The Industrial Emissions Directive (IED) and the Regulation on Industrial Emissions Portal (IEP-R) are key policy tools to tackle industrial pollution at its source and aim to achieve a high level of protection for human health and the environment, as well as improve transparency on tracking progress on pollution impacts.
In spite of its significance at a time of escalating climate chaos, the report misses a precious opportunity to ensure the IED sets limits to carbon emissions, and it even backtracks on basic binding energy efficiency requirements – de facto shielding industry from taking responsible action towards the climate.
The Commission proposed to set the strictest possible emission limits achievable by applying Best Available Techniques (BAT) in order to better control industrial pollution. However, the report gives in to industry polluters and undermines the initial text, at the detriment of more ambitious country permitting practice, by weakening its scope, extending exceptions based on investment cycles and corporate plans, and slowing down BAT uptake at least to the next decade.
The report’s proposition on intensive livestock activities would still include cattle farms, but severely raises the threshold on the number of animals beyond which installations are subject to the IED, thus limiting the amount of ammonia, methane and nitrogen emissions the law can tackle. Furthermore, it supports the weakening of current requirements on the most intensive pig and poultry factories, including the possibility to derogate entirely from the permitting system.
Although the report aims to clarify the new compensation right for people suffering from human health issues caused by unlawful operations, it neglects to improve the Commission’s proposal on other enforcement and implementation rules as it weakens sanctioning tools for authorities when operators do not comply with the IED.
The revised proposal for the IEP-R aims at displaying and sharing industrial performance information. The Commission’s proposal was lacklustre in facilitating users of the data to compare environmental performance of industry and permit stringency. The report suggests minor changes, nearly all about claimed confidential business information whilst ignoring the aims of the reporting.
Christian Schaible, Head of Zero Pollution Industry at the EEB said:
“We need an acceleration of the industry transformation towards a clean, circular, toxic-free and climate-neutral reality, so it is not acceptable to annihilate the work on BAT uptake and wait for future reviews only from the next decade. The MEPs of the European People’s Party should reconsider decisions made serving the interests of industry polluters – and not of people as their party name indicates.”
Boris Jankowiak, Policy Officer at Climate Action Network (CAN) Europe said:
“Despite the IED’s key role in achieving the EU’s climate and circular economy goals, the report fails to provide a much awaited comprehensive and enforceable transformation pathway for heavy-industry and adopts industry’s techno-optimism as the first solution to the climate crisis. We also see a worrying attempt to limit the amount of environmental information that industry will have to share with the public. We call on MEPs to turn this missed opportunity around in the revised text and finally address heavy polluting sectors’ energy, water and raw materials consumption as well as greenhouse gas emissions.”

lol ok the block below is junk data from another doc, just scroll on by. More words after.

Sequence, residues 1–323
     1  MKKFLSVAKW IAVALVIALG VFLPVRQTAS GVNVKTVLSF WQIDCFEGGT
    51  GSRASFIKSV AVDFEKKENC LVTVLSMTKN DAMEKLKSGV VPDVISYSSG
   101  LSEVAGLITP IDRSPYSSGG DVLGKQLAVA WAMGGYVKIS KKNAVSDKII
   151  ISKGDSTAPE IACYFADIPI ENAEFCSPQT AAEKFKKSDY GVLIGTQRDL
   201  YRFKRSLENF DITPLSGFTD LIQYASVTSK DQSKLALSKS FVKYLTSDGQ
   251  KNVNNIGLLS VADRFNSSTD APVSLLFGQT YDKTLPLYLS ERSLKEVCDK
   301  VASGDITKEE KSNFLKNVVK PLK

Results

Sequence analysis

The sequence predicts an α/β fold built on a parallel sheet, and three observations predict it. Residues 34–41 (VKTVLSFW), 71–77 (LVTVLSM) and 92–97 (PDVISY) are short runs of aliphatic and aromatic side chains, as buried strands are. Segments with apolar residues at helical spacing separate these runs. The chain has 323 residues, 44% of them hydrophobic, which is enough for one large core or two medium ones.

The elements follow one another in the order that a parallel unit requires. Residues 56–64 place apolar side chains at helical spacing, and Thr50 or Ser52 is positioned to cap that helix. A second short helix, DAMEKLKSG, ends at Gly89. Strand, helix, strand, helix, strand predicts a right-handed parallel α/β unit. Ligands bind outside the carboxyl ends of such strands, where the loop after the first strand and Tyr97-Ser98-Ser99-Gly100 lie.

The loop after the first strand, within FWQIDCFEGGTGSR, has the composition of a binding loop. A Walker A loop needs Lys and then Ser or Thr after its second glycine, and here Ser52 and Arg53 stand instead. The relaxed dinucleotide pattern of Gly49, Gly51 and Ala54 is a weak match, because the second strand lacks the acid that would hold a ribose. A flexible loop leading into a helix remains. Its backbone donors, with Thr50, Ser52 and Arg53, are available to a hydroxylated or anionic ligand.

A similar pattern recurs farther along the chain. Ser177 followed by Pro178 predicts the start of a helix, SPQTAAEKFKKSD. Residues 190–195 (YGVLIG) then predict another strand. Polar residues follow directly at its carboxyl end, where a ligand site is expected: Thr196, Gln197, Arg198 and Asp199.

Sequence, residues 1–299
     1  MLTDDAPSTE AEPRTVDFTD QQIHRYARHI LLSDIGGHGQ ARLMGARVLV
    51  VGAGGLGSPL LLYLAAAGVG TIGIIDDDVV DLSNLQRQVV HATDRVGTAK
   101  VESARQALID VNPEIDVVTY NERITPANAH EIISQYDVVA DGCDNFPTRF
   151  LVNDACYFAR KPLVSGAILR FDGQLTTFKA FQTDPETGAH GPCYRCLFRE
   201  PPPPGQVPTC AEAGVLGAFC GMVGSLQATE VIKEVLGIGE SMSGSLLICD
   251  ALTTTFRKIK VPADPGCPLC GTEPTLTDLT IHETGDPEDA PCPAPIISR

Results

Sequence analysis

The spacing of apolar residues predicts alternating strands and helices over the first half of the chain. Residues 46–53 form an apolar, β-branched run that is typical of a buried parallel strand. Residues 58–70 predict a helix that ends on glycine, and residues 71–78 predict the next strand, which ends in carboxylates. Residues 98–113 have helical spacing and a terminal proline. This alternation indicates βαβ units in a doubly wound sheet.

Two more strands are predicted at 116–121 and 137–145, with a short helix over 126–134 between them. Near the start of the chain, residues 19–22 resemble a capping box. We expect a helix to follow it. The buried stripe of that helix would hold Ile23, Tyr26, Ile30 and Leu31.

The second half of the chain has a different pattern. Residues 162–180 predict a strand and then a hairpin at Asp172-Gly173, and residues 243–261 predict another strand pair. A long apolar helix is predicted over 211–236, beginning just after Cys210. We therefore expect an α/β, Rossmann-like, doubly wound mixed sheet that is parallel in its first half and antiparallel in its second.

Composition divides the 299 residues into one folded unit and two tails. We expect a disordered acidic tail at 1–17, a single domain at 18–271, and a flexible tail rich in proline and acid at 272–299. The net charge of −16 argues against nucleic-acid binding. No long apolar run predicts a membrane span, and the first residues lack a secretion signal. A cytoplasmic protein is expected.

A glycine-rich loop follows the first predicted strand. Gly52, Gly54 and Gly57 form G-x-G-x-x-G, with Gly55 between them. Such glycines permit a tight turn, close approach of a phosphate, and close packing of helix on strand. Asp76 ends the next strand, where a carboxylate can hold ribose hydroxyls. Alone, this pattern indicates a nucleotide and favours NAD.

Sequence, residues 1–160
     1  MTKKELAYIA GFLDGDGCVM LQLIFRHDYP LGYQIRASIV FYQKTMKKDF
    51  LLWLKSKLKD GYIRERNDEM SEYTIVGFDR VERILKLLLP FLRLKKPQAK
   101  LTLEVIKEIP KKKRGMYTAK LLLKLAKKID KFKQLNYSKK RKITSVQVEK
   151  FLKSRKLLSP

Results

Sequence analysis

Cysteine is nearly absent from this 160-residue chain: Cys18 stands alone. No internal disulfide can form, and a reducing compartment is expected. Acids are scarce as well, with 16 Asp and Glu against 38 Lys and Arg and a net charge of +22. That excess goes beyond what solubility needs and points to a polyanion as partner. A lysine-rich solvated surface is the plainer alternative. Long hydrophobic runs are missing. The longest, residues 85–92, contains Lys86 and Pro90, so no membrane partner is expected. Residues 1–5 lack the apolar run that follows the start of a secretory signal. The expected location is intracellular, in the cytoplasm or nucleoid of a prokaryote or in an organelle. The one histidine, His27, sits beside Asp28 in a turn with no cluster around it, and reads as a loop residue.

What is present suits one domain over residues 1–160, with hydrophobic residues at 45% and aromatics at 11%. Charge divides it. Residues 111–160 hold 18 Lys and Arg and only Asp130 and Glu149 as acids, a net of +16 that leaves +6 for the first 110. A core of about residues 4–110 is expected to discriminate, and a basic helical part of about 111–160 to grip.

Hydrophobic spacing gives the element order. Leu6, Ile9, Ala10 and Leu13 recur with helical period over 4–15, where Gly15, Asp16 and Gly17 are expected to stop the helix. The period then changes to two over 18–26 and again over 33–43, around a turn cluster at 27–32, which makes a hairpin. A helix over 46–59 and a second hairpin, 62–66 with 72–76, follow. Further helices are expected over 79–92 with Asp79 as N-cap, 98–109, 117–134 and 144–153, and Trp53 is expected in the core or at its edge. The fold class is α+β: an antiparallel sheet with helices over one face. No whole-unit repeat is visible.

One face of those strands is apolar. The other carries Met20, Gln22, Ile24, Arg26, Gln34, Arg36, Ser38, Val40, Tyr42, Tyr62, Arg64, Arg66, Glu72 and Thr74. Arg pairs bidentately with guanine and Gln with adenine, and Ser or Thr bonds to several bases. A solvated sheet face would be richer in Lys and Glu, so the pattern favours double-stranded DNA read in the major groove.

Agnese Ruggiero, Lead on EU Carbon Market and Industrial Decarbonisation at Carbon Market Watch said:
“The report clearly shows more interest in supporting new shiny technologies while blatantly ignoring the IED’s aim to prevent and reduce pollution. It also misses a crucial opportunity to make the IED effectively contribute to climate protection and lets polluting sectors like steel, cement and chemicals off the hook once again. We urge all MEPs to step in and ensure these industries receive a clear and predictable policy signal: the times of ‘polluting as usual’ are over.”
Marco Contiero, EU Policy Director on Agriculture at Greenpeace said:
“The factory farming industry clearly has a stranglehold on the conservatives in the EU Parliament. The Commission’s industrial emissions rules would only address the 8% largest industrial farms, but the EPP won’t even accept that. The reputation of small and family farms is dragged through the mud by this tiny minority of mega-polluters – they must be regulated like the factories they are.”
Bellinda Bartolucci, Senior Lawyer at ClientEarth said:
“Thousands of people live in the impact radius of industrial installations all over Europe, and to date have been powerless to push back or claim reparations for the harm they suffer if these installations break the law. It is great to see that the report is still formulating an effective compensation right for people affected by illegal pollution – this is desperately needed. However, it weakens the instruments authorities have to hand to reprimand companies ignoring IED rules – fines have become lower and suspending operations has become more difficult. And still, the report fails to grant guaranteed access to court for any individual being affected by any IED breach.”
Joze Roth, Senior Policy Officer for Zero Pollution at the EEB, said:
“The EU needs better IT tools when it comes to industrial reporting, enabling citizens to compare performance and permit conditions in a few clicks. We are not there yet and will never get there if we give in to the fake confidential business information obsession of some industry. The report has missed the opportunity to make the best use of data for benchmarking and compliance promotion”.
Notes to editors:
IED and IEP-R report
Joint NGO Preliminary Assessment on IED and E-PRTR revisions
Joint NGO statement on IED and IEP-R
Joint NGO statement on intensive livestock activities
Background briefings on IED and IEP-R